Nothing annoys a visitor more than a slow loading website. With the proliferation of broadband, most of us have become used to websites loading within a few seconds. Many webmasters spend hours trying to optimize their website for search engines but forget to optimize their website for human beings. In this article I would touch upon three (plus one) basic steps involved in making your website load faster. I have not discussed solutions that involve installing new software on your webserver or making other modifications to the system.
This is the simplest yet often overlooked step. Proper compression can often reduce file size by 50% or even more without any perceptible quality loss. I use Irfanview (Freeware) for this purpose. I had covered this topic in one of my previous articles (Ten Things You Can Do With IrfanView). Here is a short guide to compressing images in IrfanView :
JPEG/GIF Images : Open the Image and press “S” (or select “Save as” from File menu) to bring up the Save as dialogue box. Check the ï¿½Show Options Dialogueï¿½ check box. Set the appropriate quality level and save the image. A value between 65 and 70 generally does a job.
PNG Images : Once again while saving bring up the “Options dialog”. Tick the option to “Use PNGOUT Plugin”. The default settings work quite well, however it can be time consuming. If you are in a hurry limit the maximum number of passes.
The biggest advantage of Irfanview is that it supports batch operations, so you can compress hundreds of files at a go. Although IrfanView works well with normal images it doesnï¿½t work with animated GIF files. For animated GIF files you can use Spinwave GIF Cruncher. However you will not be able to download the most optimized versions of your images unless you are a Spinwave member. Alternatively you can give GifWorks a try . The “Reduce Colors” option reduces the colour palette thereby reducing the image size.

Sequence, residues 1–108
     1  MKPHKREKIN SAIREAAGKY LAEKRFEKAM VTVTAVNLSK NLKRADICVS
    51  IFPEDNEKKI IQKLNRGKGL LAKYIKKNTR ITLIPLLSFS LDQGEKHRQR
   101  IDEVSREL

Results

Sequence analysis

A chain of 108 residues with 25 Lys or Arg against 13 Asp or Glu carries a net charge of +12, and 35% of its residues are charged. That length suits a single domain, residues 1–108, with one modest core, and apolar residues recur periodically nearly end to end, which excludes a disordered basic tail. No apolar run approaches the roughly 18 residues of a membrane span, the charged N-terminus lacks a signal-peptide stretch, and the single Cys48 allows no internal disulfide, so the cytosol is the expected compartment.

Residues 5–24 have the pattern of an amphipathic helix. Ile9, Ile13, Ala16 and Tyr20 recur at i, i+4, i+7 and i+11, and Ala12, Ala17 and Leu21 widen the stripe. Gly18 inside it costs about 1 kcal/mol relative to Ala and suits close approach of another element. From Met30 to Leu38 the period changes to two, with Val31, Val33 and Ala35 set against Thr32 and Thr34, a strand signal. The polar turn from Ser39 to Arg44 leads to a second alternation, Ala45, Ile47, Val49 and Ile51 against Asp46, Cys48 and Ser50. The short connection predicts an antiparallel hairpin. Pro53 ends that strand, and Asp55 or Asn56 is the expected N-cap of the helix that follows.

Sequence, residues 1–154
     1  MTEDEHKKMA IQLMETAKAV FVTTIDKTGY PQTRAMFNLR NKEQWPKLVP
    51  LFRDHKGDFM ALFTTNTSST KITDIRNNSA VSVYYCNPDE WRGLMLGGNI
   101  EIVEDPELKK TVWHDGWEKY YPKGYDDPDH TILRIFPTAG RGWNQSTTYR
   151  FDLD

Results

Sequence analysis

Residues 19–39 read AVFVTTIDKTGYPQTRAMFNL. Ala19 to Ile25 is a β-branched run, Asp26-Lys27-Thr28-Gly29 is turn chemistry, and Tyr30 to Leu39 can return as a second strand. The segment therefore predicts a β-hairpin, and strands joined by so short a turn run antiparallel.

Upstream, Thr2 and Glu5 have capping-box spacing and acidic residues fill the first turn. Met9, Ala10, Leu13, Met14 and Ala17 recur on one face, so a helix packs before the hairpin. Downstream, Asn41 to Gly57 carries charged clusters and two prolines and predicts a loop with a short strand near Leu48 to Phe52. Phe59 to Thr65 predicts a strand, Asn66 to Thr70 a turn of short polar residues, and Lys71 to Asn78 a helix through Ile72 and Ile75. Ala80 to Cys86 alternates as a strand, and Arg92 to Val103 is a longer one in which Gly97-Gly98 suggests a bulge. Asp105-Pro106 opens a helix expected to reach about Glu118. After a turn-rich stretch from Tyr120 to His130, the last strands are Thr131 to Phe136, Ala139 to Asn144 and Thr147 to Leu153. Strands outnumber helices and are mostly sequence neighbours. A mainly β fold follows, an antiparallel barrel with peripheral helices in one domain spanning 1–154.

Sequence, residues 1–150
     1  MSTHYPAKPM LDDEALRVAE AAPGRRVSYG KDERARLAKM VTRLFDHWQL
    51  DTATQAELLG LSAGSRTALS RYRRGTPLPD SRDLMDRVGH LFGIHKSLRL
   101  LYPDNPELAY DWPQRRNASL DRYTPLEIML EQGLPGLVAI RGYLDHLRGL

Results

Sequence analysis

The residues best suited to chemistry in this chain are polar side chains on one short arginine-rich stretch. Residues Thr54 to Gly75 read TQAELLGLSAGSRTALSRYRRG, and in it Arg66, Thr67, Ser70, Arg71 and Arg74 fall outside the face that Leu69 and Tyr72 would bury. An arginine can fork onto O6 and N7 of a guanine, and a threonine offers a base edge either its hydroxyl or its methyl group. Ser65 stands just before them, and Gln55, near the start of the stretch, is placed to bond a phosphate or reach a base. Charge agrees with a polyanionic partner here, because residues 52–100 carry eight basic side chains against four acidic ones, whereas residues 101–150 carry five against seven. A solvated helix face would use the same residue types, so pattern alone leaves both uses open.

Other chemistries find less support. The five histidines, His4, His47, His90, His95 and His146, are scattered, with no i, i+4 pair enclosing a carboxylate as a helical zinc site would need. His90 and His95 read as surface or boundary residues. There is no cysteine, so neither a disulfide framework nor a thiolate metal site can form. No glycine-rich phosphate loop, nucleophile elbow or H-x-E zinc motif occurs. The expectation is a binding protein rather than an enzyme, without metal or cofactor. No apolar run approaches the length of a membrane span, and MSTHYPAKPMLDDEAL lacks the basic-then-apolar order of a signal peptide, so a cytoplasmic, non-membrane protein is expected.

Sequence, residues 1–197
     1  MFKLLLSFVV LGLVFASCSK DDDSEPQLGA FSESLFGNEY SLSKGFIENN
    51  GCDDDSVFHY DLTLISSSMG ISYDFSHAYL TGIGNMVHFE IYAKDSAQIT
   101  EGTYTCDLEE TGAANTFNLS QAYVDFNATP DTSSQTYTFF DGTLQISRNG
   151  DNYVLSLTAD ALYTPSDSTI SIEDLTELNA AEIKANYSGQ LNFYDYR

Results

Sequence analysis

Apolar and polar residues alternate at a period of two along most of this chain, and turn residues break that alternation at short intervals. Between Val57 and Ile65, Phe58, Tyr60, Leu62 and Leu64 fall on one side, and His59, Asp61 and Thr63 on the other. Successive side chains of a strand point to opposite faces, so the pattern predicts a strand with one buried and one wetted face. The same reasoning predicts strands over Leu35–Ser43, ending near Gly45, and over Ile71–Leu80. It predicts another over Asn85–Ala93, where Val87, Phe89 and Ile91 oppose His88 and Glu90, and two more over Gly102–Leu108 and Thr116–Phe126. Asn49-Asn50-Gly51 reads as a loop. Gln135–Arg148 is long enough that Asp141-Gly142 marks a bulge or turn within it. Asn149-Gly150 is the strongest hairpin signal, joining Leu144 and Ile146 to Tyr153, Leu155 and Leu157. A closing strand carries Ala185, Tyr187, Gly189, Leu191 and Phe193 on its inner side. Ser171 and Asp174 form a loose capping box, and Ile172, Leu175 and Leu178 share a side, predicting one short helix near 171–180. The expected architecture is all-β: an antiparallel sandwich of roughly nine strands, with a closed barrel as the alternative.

Selecting the right image format also helps. JPEG works better with photographs and images without text. In such cases using PNG is recommended. Use GIF when you need transparent background or animation. GIF and PNG are also recommended for simple diagrams.
Try to merge as many multiple smaller js files as possible into a single large js file.
Move non-essential js files (eg. tracking js used by web metrics services) to the bottom of the page (near the end of
This is a really simple trick. The trick is to always specify the dimensions (height and width) of images. This lets the browser know exactly how much space needs to be reserved for the concerned image file. This inturn makes the page load more smoothly thus creating the impression that itï¿½s being rendered faster. It also eliminates another annoying phenomenon ï¿½ auto-scrolling of text as images above it are loaded by the browser.
These were rather generic suggestions which should reduce the page load time of most websites. There are a few more options you can try like cleaning up your css code or reducing the number of unneccesary buttons/widgets on every page. If you are still not satisfied feel free to digg deeper and diagnose problems specific to your website. The best tool to identify the speed breakers is Firebug extension for Firefox. Firebug displays exactly how a webpage is loaded and how much time is spent in downloading each object. If you do not have Firefox installed you can use Octogate Site Timer. However, Firebug is a lot simple to decipher and is highly recommended.
Did this article help you in reducing your website’s page load time? Do leave you comments/suggestions/criticisms.